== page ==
When it comes to college admission, aim beyond the block

Kyu_Hyung_Lee_breaking

What’s the point of the college admission application?

In short, it’s a story about you that helps admission officers determine whether you’ll succeed at their college.

Will you:

  • make the grade academically?
  • contribute something unique to the college community?

When I was a junior at Columbia, I joined the Taekwondo club. I’ve forgotten most of what I learned at the club, but one bit of advice the master gave us stuck with me. He said, “When breaking blocks of wood with fist or foot, don’t aim at the surface of the wood, but beyond it.”

What does this have to do with college admissions?

Think of admission to your first-choice college as the block of wood. Maybe it’s a thick block—difficult to crack, let alone break. The best way to improve your chances of breaking the wood—of getting into your first-choice college—is to aim past it. That means clearly demonstrating in your application that you’re already well-prepared to excel academically there.

Aim Beyond the Block

As I said, the audience for the story of you is the admission officers who read then pass judgment on your application. In a sense, admission officers are gatekeepers. Once you pass through the gates, though, you’ll be spending the majority of your time trying to please an entirely different audience—your professors.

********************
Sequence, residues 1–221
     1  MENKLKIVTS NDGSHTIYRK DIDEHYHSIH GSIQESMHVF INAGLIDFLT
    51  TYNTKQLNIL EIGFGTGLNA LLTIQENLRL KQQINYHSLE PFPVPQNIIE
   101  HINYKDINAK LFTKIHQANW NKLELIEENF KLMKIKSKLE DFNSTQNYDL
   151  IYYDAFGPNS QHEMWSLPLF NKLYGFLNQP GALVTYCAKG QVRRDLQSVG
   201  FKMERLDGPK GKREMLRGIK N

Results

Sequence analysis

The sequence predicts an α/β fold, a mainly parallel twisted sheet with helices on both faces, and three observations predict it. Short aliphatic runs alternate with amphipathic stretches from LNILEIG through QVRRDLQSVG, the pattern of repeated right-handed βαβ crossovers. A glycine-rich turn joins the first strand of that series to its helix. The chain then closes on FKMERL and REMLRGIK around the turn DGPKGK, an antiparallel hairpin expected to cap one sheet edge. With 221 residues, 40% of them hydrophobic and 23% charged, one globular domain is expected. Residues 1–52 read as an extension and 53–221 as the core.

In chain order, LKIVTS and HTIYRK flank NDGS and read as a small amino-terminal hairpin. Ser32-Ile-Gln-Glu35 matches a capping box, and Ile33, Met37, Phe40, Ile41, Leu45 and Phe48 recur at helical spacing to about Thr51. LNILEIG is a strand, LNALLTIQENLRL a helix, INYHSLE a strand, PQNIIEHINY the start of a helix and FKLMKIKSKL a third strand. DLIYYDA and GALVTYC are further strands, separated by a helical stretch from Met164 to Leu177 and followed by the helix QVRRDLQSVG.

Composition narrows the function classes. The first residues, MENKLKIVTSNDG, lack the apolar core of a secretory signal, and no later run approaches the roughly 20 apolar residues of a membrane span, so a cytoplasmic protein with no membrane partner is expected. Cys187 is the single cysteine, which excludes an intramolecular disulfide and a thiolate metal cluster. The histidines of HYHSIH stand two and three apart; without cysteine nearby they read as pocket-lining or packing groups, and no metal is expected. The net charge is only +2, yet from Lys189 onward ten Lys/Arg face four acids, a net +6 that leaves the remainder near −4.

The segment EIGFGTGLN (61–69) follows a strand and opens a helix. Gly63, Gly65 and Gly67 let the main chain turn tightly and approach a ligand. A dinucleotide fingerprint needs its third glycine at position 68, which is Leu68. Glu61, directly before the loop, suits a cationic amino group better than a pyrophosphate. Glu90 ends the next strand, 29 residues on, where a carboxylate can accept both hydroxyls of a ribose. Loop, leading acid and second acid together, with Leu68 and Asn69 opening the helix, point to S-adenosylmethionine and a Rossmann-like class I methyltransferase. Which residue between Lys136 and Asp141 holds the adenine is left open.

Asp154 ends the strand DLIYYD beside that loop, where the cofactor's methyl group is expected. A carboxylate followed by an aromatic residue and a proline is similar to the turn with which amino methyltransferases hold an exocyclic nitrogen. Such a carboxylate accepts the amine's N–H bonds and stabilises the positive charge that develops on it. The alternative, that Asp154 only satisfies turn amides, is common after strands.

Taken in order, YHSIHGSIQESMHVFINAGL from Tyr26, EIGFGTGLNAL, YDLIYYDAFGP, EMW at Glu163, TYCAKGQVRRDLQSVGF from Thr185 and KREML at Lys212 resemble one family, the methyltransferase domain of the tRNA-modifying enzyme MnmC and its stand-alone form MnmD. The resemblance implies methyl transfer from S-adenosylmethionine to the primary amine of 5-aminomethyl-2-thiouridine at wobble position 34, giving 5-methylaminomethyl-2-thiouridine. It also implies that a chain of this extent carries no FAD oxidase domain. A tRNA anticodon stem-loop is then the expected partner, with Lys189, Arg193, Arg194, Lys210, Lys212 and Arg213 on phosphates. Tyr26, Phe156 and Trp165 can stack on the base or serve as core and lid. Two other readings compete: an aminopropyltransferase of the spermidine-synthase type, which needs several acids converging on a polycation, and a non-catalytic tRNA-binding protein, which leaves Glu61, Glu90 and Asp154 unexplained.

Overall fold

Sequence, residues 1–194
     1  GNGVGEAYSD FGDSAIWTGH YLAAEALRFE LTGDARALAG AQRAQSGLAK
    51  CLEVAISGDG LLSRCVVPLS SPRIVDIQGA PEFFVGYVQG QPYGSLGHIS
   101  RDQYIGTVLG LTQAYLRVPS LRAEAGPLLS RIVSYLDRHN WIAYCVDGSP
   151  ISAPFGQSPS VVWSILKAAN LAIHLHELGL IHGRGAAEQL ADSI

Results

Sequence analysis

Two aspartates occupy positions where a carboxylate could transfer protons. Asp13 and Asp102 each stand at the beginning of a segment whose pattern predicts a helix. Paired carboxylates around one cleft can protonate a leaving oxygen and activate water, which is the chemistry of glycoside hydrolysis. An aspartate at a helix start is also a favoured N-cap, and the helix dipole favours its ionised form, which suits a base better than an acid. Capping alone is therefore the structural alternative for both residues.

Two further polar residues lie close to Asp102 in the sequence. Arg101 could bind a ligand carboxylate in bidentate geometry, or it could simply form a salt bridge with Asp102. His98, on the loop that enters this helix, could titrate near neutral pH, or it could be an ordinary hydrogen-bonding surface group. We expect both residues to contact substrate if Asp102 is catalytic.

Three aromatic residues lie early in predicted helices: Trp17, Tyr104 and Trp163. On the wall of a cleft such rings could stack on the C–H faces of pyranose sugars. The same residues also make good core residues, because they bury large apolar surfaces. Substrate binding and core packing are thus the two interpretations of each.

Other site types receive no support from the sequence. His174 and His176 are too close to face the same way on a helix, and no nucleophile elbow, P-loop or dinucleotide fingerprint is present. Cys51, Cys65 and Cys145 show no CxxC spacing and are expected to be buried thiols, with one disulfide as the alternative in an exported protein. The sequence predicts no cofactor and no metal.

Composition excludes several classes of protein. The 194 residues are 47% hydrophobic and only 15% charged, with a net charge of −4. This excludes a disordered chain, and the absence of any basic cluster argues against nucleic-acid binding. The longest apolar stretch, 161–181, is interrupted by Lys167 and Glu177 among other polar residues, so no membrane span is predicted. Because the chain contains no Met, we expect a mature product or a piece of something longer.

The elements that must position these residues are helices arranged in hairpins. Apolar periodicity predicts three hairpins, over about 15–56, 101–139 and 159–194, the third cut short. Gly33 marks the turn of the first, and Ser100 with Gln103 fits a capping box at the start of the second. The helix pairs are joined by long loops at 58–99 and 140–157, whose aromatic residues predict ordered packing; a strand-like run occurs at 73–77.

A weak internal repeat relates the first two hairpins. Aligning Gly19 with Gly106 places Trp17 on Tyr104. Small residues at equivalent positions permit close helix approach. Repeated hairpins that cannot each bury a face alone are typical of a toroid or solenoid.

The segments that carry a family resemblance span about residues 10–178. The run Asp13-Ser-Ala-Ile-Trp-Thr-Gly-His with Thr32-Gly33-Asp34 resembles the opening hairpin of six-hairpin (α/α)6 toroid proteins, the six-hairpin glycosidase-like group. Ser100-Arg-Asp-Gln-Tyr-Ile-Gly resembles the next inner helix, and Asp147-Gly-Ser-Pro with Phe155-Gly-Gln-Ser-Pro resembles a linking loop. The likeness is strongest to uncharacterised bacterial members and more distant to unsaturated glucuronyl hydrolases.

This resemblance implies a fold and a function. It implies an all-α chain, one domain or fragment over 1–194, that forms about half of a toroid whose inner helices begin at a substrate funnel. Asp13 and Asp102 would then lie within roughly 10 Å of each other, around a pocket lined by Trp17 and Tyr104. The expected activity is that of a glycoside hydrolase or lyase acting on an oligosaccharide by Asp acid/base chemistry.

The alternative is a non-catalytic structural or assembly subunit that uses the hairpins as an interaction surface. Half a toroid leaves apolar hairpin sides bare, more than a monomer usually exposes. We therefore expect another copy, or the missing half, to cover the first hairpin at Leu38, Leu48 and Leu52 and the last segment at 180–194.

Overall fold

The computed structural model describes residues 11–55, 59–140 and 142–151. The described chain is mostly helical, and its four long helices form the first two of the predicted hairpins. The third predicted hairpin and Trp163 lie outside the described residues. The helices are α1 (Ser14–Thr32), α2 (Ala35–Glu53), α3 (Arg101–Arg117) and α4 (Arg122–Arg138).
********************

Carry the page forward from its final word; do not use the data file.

Having been a professor, I know what professors want from their students. If you know how to please professors now, even before you’re in college, you’ll have a crucial advantage when you apply. And that advantage will carry over to the courses you take once you’re enrolled.

Our mission at Readerly is to help you aim beyond the block.  To this end, we offer holistic test prep tutoring.

Dr. Sean

Dr. Sean

Co-Founder at Readerly
Dr. Sean has over a decade of teaching experience at universities in the US and Asia. He earned a BA with honors from Columbia University and a PhD from the University of London. You can read more about his teaching and research here.
Dr. Sean